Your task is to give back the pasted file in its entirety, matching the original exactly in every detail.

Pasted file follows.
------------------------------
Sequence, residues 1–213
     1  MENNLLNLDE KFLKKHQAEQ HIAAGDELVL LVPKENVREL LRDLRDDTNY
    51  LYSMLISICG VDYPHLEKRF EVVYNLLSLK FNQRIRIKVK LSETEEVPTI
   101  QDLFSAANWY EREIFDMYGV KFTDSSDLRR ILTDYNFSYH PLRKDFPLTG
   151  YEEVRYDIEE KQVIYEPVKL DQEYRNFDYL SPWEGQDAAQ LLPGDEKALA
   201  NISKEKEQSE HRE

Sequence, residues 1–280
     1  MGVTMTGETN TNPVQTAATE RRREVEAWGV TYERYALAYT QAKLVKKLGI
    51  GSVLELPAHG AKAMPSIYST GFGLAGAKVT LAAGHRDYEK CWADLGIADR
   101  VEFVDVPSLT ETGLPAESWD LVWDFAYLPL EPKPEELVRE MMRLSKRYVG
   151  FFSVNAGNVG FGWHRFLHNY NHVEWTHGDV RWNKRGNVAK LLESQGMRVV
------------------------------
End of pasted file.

Sequence, residues 1–213
     1  MENNLLNLDE KFLKKHQAEQ HIAAGDELVL LVPKENVREL LRDLRDDTNY
    51  LYSMLISICG VDYPHLEKRF EVVYNLLSLK FNQRIRIKVK LSETEEVPTI
   101  QDLFSAANWY EREIFDMYGV KFTDSSDLRR ILTDYNFSYH PLRKDFPLTG
   151  YEEVRYDIEE KQVIYEPVKL DQEYRNFDYL SPWEGQDAAQ LLPGDEKALA
   201  NISKEKEQSE HRE

Sequence, residues 1–280
     1  MGVTMTGETN TNPVQTAATE RRREVEAWGV TYERYALAYT QAKLVKKLGI
    51  GSVLELPAHG AKAMPSIYST GFGLAGAKVT LAAGHRDYEK CWADLGIADR
   101  VEFVDVPSLT ETGLPAESWD LVWDFAYLPL EPKPEELVRE MMRLSKRYVG
   151  FFSVNAGNVG FGWHRFLHNY NHVEWTHGDV RWNKRGNVAK LLESQGMRVV